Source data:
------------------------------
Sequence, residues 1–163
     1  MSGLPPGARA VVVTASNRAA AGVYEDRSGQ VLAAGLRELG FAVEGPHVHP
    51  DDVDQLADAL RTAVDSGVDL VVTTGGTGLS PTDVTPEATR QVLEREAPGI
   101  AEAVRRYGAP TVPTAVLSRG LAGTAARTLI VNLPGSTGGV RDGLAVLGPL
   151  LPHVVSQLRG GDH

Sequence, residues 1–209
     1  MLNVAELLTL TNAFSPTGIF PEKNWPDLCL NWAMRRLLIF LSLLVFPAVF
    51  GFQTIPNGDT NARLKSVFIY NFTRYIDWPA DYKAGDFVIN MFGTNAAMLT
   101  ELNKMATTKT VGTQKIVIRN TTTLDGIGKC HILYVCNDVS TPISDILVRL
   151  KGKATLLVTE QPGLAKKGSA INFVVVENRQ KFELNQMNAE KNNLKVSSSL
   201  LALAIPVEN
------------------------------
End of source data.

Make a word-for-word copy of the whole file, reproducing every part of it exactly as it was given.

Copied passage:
Sequence, residues 1–163
     1  MSGLPPGARA VVVTASNRAA AGVYEDRSGQ VLAAGLRELG FAVEGPHVHP
    51  DDVDQLADAL RTAVDSGVDL VVTTGGTGLS PTDVTPEATR QVLEREAPGI
   101  AEAVRRYGAP TVPTAVLSRG LAGTAARTLI VNLPGSTGGV RDGLAVLGPL
   151  LPHVVSQLRG GDH

Sequence, residues 1–209
     1  MLNVAELLTL TNAFSPTGIF PEKNWPDLCL NWAMRRLLIF LSLLVFPAVF
    51  GFQTIPNGDT NARLKSVFIY NFTRYIDWPA DYKAGDFVIN MFGTNAAMLT
   101  ELNKMATTKT VGTQKIVIRN TTTLDGIGKC HILYVCNDVS TPISDILVRL
   151  KGKATLLVTE QPGLAKKGSA INFVVVENRQ KFELNQMNAE KNNLKVSSSL
   201  LALAIPVEN